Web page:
Starting in Rosman, near the headwaters of the French Broad, Lechner paddled 8 - 12 hours a day, all the while camping, portaging, and stopping for beers along the river, a total of 227 miles. He also filmed and posted Facebook and blog updates of his two week journey, which terminated in downtown Knoxville, Tennessee.
The first person to thru-paddle the entire French Broad River on a standup paddle board, Lecher will give a presentation of his adventure on Friday, Oct. 16 from 3 -- 5.
Friday, Nov. 13 with Barbara Duncan, Ph.D, and the Cherokee Friends
|Traditional Cherokee music at the first Salon|
Join us as Barbara Duncan and Friends will speak about the Cherokees' relationship to rivers, particularly the French Broad, and share some reproductions of Cherokee artifacts including pottery and ancient cloth. The Cherokee Friends are cultural specialists from the Museum of the Cherokee Indian, and will provide flute music and storytelling.
Barbara Duncan has a Ph.D. in Folklore and has written award winning books about Cherokee history and culture, including Living Stories of the Cherokee (Thomas Wolfe Literary Award) and the Cherokee Heritage Trails Guidebook with Brett Riggs (Preserve America Presidential Award and Willie B. Parker Peace Prize.) She has received the Brown Hudson Award from the North Carolina Folklore Society and the Cherokee Phoenix Award.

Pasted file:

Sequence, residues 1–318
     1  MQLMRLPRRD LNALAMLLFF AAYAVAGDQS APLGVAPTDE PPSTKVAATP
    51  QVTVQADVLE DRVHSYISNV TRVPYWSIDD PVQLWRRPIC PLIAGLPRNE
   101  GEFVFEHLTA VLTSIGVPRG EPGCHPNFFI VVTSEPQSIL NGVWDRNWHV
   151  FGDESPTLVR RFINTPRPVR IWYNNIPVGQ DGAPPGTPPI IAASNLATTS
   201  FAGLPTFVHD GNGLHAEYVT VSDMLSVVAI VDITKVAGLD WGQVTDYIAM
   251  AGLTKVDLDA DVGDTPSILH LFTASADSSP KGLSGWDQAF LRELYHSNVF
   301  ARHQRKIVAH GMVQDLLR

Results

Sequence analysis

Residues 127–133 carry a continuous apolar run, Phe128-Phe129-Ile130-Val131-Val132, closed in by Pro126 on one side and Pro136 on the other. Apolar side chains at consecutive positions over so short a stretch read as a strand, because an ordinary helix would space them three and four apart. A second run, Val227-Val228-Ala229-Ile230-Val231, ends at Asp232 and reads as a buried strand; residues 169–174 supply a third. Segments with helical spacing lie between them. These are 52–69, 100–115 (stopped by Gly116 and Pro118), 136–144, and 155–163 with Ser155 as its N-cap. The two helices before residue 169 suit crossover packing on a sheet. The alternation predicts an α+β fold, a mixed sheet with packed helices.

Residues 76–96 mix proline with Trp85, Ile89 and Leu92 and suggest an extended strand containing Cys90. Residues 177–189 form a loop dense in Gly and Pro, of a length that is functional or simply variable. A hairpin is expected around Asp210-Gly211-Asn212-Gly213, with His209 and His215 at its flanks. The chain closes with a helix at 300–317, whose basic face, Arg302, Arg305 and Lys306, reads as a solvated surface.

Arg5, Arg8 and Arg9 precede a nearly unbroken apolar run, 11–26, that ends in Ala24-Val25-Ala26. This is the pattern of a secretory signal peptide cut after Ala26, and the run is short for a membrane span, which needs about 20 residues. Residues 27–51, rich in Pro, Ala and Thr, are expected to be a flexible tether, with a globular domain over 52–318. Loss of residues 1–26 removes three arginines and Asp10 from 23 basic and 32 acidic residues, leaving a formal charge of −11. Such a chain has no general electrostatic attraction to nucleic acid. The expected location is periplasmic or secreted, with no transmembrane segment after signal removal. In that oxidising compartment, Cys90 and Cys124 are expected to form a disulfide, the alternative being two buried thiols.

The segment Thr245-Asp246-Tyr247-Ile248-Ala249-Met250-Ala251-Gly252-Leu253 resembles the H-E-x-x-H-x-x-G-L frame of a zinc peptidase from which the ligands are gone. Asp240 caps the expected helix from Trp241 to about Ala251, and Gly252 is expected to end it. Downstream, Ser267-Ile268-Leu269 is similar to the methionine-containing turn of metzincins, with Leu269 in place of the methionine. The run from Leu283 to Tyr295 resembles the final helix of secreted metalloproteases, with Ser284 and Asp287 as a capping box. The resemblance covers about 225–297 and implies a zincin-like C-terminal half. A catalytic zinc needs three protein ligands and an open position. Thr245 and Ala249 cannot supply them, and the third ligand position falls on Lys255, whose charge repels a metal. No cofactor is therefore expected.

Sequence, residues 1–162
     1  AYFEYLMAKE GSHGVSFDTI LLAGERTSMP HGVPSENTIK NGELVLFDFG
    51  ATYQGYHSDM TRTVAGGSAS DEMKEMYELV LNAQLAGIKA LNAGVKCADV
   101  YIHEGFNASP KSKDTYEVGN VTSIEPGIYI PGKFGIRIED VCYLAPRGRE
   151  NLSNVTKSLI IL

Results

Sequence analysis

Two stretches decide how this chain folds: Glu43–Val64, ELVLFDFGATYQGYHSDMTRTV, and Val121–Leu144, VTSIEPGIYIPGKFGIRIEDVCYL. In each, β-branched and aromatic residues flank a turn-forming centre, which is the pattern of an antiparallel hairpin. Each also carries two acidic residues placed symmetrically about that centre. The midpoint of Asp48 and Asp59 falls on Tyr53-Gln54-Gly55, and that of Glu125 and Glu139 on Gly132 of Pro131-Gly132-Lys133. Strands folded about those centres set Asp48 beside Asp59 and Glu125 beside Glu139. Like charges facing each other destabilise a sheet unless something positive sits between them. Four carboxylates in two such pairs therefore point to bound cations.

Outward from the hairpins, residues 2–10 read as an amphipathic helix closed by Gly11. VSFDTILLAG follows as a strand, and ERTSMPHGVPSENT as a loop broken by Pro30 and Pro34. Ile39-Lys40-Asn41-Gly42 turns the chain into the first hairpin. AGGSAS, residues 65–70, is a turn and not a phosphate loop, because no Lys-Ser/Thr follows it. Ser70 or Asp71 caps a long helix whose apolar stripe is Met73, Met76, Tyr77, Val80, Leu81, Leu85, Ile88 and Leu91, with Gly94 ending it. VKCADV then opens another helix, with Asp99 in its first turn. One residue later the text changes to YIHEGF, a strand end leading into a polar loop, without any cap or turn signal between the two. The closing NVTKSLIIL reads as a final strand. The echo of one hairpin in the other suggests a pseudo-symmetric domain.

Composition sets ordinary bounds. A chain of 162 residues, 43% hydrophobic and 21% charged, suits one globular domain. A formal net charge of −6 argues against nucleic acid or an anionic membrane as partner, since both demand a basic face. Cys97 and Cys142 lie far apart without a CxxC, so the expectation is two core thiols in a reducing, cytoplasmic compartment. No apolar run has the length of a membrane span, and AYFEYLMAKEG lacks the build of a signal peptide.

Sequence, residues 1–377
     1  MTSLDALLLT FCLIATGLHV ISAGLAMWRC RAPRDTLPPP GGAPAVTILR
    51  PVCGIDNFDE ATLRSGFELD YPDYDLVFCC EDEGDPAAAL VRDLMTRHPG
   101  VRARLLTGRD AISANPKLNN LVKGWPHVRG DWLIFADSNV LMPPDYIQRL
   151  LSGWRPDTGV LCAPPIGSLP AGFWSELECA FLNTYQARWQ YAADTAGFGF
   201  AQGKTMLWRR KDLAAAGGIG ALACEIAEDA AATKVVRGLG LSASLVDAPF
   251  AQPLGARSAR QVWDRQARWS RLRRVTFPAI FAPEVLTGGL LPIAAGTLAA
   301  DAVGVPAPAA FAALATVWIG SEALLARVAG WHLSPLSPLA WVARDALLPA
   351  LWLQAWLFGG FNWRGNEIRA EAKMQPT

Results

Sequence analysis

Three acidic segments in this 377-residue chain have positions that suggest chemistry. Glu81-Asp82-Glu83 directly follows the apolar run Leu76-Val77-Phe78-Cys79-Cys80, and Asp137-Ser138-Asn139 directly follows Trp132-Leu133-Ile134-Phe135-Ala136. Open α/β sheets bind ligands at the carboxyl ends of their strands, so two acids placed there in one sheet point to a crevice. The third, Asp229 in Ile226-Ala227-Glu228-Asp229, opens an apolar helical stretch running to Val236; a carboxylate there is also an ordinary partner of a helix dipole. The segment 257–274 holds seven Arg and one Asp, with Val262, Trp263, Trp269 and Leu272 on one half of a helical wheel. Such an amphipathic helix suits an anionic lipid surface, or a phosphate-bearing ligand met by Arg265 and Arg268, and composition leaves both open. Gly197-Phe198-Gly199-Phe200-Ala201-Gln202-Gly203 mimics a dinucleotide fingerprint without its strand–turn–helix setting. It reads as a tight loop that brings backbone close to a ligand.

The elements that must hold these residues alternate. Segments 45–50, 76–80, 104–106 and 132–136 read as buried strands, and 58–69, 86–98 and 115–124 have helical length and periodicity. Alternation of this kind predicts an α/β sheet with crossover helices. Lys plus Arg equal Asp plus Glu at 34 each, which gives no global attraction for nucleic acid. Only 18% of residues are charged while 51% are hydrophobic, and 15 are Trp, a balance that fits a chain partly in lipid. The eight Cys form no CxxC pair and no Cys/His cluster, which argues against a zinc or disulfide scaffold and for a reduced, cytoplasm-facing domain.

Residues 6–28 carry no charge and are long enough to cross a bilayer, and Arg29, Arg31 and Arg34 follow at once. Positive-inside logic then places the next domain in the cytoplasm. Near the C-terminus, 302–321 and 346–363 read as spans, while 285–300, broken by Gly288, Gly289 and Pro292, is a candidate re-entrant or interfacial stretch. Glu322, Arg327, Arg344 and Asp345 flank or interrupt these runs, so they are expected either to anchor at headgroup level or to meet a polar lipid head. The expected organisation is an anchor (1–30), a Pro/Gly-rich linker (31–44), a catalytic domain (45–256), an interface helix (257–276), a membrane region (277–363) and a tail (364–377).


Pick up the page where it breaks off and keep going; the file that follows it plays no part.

This is a can't-miss for anyone interested in Native American Culture and the history of our region. Join us Nov. 13 from 3 -- 5 p.m.
|Our new AmeriCorps members say "Hello" and reflect on their first busy month with RiverLink|
My name is Laura Evans and I am the very excited new RiverLink
Education Coordinator through AmeriCorps Project Conserve. As Education Coordinator, I have traveled to Yancey and Mitchell counties to participate in the Toes in the Toe Watershed Discovery Event. Here, I taught a total of 253 awesome fifth graders, "Our water, our watershed" where they learned about the importance of water and the French Broad watershed with our EnviroScape. One of my favorite moments was seeing how excited all the students got about setting up the EnviroScape . In addition, I have coordinated with numerous schools for future lessons in the fall (and spring already!) including macroinvertebrate testing, water conservation, soil testing and EnviroScape. And it's never too late to start planning RiverCamp 2016! Stay tuned for more information and some exciting changes!